Journalist Kathy Gannon (left) and photographer Anja Niedringhaus (right) shown here together in Zurich in 2013. (Photo: AP Photo/Keystone, Walter Bieri, File)
Earlier today, Associated Press photographer Anja Niedringhaus was shot to death by a police officer in Afghanistan, while she was there covering the upcoming national elections. Niedringhaus has been covering foreign affairs stories for more than 20 years, shooting pictures around the world and earning a Pullitzer Prize in 2005 for her work photographing the Iraq War. She was 48.
An Associated Press reporter, 60-year-old Canadian Kathy Gannon, was also shot and wounded in the incident. The AP reports that she is in stable condition and being treated in a hospital in Kost, Afghanistan.
“Anja and Kathy together have spent years in Afghanistan covering the conflict and the people there,” Kathleen Carroll, A.P.'s executive editor, said in an AP article. “Anja was a vibrant, dynamic journalist, well loved for her insightful photographs, her warm heart and joy for life. We are heartbroken at her loss.”
Despite years of on-and-off violence in the region, the attack on Friday is thought to be the first time a police officer has ever intentionally harmed foreign journalists there. The gunman, known as Naqibullah, is a unit commander in the Afghan police force, and was guarding a nearby government compound. He deliberately shot into the backseat of the car — part of a convoy to the eastern region that was being protected by police, soldiers and the National Directorate of Security — where Niedringhaus and Gannon were sitting. After the attack, he turned himself in to police and was arrested. His motive is still unknown.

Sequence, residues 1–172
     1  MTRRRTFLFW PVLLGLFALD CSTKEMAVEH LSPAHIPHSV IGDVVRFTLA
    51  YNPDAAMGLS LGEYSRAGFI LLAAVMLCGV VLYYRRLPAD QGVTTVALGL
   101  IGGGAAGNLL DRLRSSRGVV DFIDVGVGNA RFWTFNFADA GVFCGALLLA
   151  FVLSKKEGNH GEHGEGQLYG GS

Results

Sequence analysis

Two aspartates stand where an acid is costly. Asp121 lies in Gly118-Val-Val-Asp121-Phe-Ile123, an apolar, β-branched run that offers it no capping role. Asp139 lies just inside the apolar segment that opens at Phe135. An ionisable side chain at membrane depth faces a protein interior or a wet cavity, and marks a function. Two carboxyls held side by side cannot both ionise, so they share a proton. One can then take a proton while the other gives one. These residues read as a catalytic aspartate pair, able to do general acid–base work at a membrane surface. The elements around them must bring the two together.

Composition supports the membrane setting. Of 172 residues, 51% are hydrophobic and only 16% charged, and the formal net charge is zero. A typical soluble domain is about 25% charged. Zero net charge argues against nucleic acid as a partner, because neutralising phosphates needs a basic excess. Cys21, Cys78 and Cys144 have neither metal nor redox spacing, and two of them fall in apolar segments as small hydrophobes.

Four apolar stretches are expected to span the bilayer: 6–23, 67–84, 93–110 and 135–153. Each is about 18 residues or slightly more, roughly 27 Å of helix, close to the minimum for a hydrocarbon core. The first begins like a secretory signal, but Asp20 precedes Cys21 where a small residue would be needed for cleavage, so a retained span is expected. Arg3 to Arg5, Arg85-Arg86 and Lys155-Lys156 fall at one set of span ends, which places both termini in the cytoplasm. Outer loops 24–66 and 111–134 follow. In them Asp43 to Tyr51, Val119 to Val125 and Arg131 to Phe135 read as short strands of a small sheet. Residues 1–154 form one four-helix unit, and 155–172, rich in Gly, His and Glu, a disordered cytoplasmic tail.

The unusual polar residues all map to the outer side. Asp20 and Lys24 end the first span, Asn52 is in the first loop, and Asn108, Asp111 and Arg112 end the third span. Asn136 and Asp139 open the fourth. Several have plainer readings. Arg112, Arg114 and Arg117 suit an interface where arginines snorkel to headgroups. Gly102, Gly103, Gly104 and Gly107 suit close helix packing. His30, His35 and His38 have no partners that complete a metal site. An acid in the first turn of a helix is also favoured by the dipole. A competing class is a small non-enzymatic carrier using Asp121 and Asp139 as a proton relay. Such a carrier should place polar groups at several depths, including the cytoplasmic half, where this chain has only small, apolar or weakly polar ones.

Friday's attacks come just a few weeks afte nine people were killed at the Serena Hotel, including two Canadians — Roshan Thomas, a doctor from Vancouver, and Zeenab Kassam, a nurse from Calgary — and Agence France-Presse reporter Sardar Ahmad, who was killed beside his wife and three children. The week before, Swedish journalist Nils Horner was killed outside a cafe.
In honour of Niedringhaus's extraordinary career, we've compiled a few of her photographs in the gallery above.